Blushing bee
  • Wedding: August 2010

There are alot of technical responses above (and i’ll admit that I did not read them all), but I addressed my invitations as Mrs. Jane and Mr. John Smith, if I know teh wife better and then I flipped the order when I know the husband better. I understand that this is not technically correct, but I refused to be acknowledged as property of my (future) husband. And my labeling my invitations this why I feel as though I am able to stay “somewhat” formal and acknowledge all invited parties. That’s my two cents.

Post # 37
Member
1309 posts
Bumble bee
  • Wedding: December 2011

 I am addressing my envelopes the traditional way and I MUCH prefer to get mail addressed to Mrs. John Smith. I happen to LIKE the mister’s name πŸ™‚

But really, who is going to get insulted by being addressed either way? The point of the address is to make sure the invite gets to the right people. If your wording accomplishes that, then you’re good. πŸ™‚ So do it the way you want!! Do you really want people at your wedding who will be super-duper upset about being called Mrs. John Smith OR Mr and Mrs. John and Jane Smith? Uptight feminists or panties-in-a-wad traditionalists? I have to admit I have some of each category in my family and I can’t avoid inviting them. Ironically the feminists in the group are the epitome of privileged white women. So if they choose to feel oppressed by my envelopes… oh well can’t help them!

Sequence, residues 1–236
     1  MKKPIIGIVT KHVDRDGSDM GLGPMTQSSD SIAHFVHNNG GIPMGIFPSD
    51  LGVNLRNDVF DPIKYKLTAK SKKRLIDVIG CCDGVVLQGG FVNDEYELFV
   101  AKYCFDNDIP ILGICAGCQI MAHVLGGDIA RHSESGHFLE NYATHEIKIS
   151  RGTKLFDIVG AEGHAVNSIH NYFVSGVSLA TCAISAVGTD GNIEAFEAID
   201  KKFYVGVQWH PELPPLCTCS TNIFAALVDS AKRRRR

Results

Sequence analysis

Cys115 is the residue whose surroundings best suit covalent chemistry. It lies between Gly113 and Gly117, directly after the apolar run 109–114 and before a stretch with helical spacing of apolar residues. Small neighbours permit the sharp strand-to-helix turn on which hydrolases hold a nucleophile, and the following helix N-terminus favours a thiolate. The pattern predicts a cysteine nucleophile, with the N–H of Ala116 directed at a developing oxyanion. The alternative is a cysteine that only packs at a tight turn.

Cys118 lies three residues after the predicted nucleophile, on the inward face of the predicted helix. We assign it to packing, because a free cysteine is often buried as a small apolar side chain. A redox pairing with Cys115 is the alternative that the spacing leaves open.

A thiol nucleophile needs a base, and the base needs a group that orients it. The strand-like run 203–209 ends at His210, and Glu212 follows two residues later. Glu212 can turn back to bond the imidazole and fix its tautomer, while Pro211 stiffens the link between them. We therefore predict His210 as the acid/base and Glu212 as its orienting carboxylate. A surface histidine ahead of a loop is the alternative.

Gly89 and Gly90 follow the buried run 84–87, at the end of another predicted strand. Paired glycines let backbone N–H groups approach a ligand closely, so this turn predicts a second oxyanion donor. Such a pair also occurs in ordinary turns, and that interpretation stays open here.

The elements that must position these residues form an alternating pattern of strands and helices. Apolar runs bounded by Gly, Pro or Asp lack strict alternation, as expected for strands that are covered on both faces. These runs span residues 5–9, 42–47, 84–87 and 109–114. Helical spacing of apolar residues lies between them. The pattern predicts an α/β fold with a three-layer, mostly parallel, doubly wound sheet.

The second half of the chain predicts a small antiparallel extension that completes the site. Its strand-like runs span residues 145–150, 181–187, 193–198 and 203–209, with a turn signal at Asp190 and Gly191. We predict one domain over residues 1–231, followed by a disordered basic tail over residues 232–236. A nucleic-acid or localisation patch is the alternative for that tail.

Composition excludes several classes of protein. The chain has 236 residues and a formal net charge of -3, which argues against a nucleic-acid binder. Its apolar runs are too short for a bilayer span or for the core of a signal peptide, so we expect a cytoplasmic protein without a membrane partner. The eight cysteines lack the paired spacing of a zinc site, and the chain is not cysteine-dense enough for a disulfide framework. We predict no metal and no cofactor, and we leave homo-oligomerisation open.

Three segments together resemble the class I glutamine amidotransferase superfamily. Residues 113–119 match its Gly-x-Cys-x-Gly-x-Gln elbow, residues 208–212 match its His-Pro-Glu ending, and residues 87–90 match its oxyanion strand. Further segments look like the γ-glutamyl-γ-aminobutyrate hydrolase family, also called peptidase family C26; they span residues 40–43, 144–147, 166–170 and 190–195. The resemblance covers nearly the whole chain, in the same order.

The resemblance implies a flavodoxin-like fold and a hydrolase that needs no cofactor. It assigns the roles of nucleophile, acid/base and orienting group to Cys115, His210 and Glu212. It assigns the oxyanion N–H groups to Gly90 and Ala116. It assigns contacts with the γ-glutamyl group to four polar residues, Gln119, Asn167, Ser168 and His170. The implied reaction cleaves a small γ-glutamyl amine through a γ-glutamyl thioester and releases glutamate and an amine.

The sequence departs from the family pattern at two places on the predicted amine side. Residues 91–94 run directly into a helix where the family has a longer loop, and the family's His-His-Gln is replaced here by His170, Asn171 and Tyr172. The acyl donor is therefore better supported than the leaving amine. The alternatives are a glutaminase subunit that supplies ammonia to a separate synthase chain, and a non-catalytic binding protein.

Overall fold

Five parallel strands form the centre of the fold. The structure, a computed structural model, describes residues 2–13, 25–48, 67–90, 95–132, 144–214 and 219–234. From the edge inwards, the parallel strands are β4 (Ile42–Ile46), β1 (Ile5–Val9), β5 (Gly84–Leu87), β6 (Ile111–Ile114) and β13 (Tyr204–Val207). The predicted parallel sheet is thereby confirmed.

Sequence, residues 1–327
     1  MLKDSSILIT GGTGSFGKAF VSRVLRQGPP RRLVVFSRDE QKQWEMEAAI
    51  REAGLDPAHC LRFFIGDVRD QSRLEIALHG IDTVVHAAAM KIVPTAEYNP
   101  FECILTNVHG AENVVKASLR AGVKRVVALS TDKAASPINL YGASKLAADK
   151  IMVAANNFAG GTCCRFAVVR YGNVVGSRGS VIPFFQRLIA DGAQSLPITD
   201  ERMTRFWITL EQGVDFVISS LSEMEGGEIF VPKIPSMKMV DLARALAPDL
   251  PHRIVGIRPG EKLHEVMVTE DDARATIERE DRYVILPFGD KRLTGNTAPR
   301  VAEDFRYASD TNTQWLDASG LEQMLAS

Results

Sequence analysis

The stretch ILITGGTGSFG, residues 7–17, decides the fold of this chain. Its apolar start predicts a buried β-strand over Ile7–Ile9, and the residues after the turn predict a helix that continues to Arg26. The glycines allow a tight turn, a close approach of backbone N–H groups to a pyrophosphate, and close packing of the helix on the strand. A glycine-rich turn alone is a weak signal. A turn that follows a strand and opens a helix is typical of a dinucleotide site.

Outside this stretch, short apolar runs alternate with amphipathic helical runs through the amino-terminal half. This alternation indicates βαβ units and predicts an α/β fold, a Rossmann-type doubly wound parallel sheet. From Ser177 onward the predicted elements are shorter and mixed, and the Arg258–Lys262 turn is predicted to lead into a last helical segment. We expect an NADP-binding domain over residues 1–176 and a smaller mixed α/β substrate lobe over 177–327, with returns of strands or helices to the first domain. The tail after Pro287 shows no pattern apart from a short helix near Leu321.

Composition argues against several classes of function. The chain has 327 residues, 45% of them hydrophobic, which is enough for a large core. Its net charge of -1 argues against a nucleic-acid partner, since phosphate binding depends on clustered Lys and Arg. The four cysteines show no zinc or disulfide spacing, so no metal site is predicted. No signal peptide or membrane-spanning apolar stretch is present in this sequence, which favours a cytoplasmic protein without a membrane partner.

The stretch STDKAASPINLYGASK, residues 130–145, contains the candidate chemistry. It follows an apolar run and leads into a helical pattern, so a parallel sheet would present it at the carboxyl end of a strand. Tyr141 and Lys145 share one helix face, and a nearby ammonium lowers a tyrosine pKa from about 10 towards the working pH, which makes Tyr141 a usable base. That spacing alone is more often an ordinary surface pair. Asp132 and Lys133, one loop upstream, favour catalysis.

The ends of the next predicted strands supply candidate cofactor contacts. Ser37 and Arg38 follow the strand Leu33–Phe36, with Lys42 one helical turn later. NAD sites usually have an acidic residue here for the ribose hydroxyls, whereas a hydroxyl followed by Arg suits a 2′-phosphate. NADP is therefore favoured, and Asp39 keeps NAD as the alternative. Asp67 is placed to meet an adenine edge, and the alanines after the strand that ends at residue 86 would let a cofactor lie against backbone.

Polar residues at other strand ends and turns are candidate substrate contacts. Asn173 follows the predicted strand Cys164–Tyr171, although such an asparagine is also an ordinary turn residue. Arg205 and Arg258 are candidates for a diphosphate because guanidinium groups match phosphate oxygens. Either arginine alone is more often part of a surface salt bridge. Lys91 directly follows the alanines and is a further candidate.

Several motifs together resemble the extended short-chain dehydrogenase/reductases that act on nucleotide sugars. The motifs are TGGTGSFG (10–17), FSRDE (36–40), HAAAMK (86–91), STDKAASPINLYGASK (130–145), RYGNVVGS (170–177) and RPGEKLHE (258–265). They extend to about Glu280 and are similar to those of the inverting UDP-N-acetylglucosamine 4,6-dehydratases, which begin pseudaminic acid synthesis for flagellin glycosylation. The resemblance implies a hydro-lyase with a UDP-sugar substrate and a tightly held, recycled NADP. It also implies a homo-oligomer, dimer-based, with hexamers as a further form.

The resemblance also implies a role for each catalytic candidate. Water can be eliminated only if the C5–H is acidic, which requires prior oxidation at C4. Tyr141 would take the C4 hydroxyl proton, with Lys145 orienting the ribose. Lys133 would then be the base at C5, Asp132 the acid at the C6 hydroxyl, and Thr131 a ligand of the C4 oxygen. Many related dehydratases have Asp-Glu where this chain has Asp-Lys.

Post # 38
Member
33 posts
Newbee
  • Wedding: August 2007

Don’t overthink it, at the end of the day no one is going to remember how you addressed the invitations, they’ll rip open the envelope and throw it out right away anyways. I would just concentrate on making sure you spell all the names correctly! πŸ˜‰  Do it however you think looks/sounds best!

Post # 39
Member
37 posts
Newbee

Okay, I have to weigh in here.  I understand wanting to use both the man’s and woman’s name on the invitataion, but can I make a plea not to use “Mr. and Mrs. John and Jane Smith” or “Mrs. Jane and Mr. John Smith?”  It has nothing to do with etiquette, I just hate seeing a hanging first name with no last name immediately following it.  As in, it’s very awkward to say Mrs. Jane and then a few more words before you say Smith.  “Mrs. Jane” is usually how pre-school children refer to their teachers.  It looks silly on a formal invitation addressed to adults.

 

I think, unles you’re having a super-fancy black tie wedding, it’s perfectly fine to write “John and Jane Smith.”  Alternatively, I like Ribbons’s suggestion of